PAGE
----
20. Janssens ACJW, van Duijn CM: Genome-based prediction of common diseases: advances and prospects. Hum Mol Genet. 2008, 17: R166-R172. 10.1093/hmg/ddn250

    Article  PubMed  CAS  Google Scholar 

  21. Eckman MH, Rosand J, Greenberg SM, Gage BF: Cost-effectiveness of using pharmacogenetic information in warfarin dosing for patients with nonvalvular atrial fibrillation. Ann Intern Med. 2009, 150: 73-83.

    Article  PubMed  Google Scholar 

  22. McCarthy MI, Hirschhorn JN: Genome-wide association studies: potential next steps on a genetic journey. Hum Mol Genet. 2008, 17: R156-R165. 10.1093/hmg/ddn289

    Article  PubMed  CAS  PubMed Central  Google Scholar 

  23. Scheuner MT, Sieverding P, Shekelle PG: Delivery of genomic medicine for common chronic adult diseases: a systematic review. JAMA. 2008, 299: 1320-1334. 10.1001/jama.299.11.1320

    Article  PubMed  CAS  Google Scholar 

  24. Caulfield T, Einsiedel E, Merz JF, Nicol D: Trust, patents and public perceptions: the governance of controversial biotechnology research. Nat Biotechnol. 2006, 24: 1352-1354. 10.1038/nbt1106-1352

    Article  PubMed  CAS  Google Scholar 

  25. DiMasi JA, Hansen RW, Grabowski HG: The price of innovation: new estimates of drug development costs. J Health Econ. 2003, 22: 151-185. 10.1016/S0167-6296(02)00126-1

    Article  PubMed  Google Scholar 

  26. Bessen J, Meurer MJ: Patent Failure: How Judges, Bureaucrats, and Lawyers Put Innovators at Risk. 2008, Princeton, NJ: Princeton University Press

    Google Scholar 

  27. Procardis.

  28. EU Funding Opportunities for Research into Major Diseases.

  29. BG Medicine, Framingham Heart Researchers Partner on Cardio Tests.

  30. Working with MRC Technology.

  31. Hammang JP: Industry and academia must avoid mismatching disclosures. Nat Biotechnol. 2009, 27: 21- 10.1038/nbt0109-21a

    Article  PubMed  CAS  Google Scholar 

  32. Thursby JG, Thursby MC: Intellectual property. University licensing and the Bayh-Dole Act. Science. 2003, 301: 1052- 10.1126/science.1087473

    Article  PubMed  CAS  Google Scholar 

  33. In the Public Interest: Nine Points to Consider in Licensing University Technology.

  34. , : Best Practices for the Licensing of Genomic Inventions. 70 Federal Register 18413. 2005

    Google Scholar 

  35. , : Guidelines for the Licensing of Genetic Inventions. 2006, Organisation for Economic Co-operation and Development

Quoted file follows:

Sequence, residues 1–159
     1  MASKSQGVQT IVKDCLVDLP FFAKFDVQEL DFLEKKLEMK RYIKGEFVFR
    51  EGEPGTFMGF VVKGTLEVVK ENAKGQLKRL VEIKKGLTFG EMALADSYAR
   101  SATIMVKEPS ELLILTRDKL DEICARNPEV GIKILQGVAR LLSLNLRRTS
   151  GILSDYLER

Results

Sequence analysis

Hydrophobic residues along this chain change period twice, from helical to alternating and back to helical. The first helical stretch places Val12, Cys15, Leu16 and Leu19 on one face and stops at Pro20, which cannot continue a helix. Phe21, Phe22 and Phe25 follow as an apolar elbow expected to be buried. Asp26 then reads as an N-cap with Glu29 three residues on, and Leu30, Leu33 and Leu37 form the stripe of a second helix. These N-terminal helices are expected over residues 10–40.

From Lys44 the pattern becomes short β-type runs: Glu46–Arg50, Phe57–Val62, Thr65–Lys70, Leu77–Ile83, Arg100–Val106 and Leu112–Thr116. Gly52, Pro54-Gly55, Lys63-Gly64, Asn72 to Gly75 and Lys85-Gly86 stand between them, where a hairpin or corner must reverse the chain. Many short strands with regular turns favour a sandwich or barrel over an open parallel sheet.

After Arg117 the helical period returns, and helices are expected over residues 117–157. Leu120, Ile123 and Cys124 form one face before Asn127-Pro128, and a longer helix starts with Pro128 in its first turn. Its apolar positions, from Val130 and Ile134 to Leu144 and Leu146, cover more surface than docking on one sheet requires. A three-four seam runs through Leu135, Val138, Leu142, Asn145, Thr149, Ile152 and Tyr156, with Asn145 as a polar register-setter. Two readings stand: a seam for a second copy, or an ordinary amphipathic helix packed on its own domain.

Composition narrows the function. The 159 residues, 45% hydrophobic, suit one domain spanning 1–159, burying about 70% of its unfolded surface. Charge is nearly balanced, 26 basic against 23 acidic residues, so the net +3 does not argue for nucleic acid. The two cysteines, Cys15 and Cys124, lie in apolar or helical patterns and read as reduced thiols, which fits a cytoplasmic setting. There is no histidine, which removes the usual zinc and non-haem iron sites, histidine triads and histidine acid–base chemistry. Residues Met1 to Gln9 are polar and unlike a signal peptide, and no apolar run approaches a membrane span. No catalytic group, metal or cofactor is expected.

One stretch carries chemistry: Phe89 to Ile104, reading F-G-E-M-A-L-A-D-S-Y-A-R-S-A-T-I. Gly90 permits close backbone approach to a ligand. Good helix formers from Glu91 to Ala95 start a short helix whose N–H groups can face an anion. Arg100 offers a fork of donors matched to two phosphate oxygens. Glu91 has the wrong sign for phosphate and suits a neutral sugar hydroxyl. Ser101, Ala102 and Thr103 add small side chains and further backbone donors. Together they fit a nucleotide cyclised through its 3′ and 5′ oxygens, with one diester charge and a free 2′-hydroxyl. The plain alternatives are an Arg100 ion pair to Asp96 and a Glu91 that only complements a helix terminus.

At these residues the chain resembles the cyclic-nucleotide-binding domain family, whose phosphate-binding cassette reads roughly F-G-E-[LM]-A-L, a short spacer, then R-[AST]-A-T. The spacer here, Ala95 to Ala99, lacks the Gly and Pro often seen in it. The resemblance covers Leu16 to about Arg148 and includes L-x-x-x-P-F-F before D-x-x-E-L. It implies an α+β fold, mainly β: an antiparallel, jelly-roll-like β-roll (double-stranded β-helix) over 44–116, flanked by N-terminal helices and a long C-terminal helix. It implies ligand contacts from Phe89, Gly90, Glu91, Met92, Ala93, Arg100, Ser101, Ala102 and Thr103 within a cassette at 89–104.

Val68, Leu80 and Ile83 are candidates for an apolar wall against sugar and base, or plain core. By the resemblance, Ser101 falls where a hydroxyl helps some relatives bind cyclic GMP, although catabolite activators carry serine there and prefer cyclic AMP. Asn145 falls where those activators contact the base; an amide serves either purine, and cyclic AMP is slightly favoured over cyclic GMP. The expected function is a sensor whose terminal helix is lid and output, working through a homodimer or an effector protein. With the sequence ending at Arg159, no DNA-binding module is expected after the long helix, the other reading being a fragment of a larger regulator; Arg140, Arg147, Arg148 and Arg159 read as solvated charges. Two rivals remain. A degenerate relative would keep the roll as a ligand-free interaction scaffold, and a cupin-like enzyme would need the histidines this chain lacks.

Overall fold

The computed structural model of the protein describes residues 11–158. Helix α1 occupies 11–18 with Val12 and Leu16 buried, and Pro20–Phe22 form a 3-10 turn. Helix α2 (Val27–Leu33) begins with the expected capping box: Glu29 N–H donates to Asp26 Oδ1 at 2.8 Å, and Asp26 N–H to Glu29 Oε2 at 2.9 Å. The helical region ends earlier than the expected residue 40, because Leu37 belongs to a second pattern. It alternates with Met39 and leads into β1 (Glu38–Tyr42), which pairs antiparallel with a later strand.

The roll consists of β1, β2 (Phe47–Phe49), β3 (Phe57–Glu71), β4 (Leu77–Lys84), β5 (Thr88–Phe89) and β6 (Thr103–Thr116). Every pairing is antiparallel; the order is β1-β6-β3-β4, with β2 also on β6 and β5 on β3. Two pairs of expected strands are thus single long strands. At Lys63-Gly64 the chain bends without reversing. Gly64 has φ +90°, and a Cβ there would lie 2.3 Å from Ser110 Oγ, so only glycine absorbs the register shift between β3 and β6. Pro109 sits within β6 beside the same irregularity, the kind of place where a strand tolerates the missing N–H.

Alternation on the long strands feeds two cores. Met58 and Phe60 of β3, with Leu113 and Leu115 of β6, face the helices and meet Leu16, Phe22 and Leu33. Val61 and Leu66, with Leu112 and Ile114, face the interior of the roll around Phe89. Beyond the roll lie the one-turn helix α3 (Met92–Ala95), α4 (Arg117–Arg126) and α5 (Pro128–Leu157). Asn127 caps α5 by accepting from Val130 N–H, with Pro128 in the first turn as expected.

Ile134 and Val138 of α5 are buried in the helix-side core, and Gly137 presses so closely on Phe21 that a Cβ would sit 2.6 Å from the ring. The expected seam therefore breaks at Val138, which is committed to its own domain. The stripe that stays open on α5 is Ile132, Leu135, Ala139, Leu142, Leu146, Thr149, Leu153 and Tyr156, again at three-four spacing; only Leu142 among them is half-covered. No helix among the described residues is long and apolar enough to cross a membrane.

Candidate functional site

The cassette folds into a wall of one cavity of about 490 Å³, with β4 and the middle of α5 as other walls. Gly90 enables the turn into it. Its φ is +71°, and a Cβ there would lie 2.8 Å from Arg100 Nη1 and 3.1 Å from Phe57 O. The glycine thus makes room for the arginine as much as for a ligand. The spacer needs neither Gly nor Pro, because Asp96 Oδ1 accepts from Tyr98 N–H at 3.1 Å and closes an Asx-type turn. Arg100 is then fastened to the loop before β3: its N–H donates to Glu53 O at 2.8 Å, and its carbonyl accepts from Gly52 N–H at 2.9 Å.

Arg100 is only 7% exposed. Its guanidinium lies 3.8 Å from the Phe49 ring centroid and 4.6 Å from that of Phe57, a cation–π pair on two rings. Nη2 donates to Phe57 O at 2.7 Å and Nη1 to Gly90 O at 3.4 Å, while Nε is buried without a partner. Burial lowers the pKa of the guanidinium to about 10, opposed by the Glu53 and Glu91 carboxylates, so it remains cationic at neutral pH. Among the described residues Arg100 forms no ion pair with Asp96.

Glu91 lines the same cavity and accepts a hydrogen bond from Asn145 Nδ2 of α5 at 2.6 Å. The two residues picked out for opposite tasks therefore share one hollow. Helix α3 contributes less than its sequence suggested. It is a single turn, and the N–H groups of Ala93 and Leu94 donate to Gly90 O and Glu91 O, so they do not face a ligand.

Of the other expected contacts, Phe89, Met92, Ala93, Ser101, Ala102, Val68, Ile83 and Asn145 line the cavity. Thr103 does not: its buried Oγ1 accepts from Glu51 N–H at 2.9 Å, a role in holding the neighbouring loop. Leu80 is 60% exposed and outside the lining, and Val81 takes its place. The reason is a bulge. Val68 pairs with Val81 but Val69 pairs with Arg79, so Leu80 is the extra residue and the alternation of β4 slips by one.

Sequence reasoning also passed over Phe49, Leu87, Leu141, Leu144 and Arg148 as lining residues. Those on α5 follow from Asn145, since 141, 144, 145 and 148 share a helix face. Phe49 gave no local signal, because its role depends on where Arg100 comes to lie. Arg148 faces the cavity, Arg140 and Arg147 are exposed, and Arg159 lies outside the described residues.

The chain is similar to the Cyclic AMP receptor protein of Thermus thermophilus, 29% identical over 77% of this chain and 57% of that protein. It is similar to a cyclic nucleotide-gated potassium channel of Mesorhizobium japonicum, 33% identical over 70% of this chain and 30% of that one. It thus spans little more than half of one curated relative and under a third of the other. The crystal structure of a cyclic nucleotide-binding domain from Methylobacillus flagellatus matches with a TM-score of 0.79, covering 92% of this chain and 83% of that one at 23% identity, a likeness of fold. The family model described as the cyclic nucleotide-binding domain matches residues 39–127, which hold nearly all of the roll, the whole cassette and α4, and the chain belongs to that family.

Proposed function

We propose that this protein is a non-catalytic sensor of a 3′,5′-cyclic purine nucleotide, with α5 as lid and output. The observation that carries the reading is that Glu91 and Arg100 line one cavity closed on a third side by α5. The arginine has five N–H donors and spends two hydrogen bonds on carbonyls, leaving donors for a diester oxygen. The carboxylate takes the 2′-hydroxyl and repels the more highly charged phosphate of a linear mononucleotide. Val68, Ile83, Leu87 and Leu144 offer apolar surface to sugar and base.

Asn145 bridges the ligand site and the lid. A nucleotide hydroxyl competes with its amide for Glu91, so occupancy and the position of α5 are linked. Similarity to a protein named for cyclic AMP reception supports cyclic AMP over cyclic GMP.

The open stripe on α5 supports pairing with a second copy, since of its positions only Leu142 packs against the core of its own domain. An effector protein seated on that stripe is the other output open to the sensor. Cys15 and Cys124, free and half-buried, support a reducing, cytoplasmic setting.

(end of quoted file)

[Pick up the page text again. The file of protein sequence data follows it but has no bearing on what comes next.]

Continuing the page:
Google Scholar 

  36. Lambert Tool Kit for Collaborative Research.

  37. Krattiger AF, : Intellectual Property Management in Health and Agricultural Innovation: a Handbook of Best Practices. 2007, Oxford: MIHR: PIPRA

    Google Scholar 

  38. Gold ER, Bubela T: Drafting Effective Collaborative Research Agreements and Related Contracts. Intellectual Property Management in Health and Agricultural Innovation: a Handbook of Best Practices. Edited by: Krattiger AF. 2007, Centre for Management of Intellectual Property in Health Research and Development., Public Intellectual Property Resource for Agriculture. Oxford: MIHR: PIPRA

    Google Scholar 

  39. , : MRC Strategic Plan 2004-2007. London. 2004

    Google Scholar 

  40. Lehrman S: Stanford seeks life after Cohen-Boyer patent expires. Nature. 1993, 363: 574-

    PubMed  CAS  Google Scholar 

  41. Piper T, Gold R: Practices, Policies and Possibilities in Licensing in Human Genetics. 2008, The Innovation Partnership for Health Canada

    Google Scholar 

  42. Schroeder D: Benefit sharing: it's time for a definition. J Med Ethics. 2007, 33: 205-209. 10.1136/jme.2006.016790

    Article  PubMed  CAS  PubMed Central  Google Scholar 

  43. Pullman D, Latus A: Benefit sharing in smaller markets: the case of Newfoundland and Labrador. Community Genet. 2003, 6: 178-181. 10.1159/000078166

    Article  PubMed  Google Scholar 

  44. Haddow G, Laurie G, Cunningham-Burley S, Hunter KG: Tackling community concerns about commercialisation and genetic research: a modest interdisciplinary proposal. Soc Sci Med. 2007, 64: 272-282. 10.1016/j.socscimed.2006.08.028

    Article  PubMed  Google Scholar 

  45. UK Biobank: What Happens at an Assessment Centre?.

  46. Andanda P: Vulnerability: sex workers in Nairobi's Majengo slum. Camb Q Healthc Ethics. 2009, 18: 138-146. 10.1017/S0963180109090239

    Article  PubMed  Google Scholar 

  47. , : HUGO Urges Genetic Benefit-sharing. Community Genet. 2000, 3: 88-92. 10.1159/000051110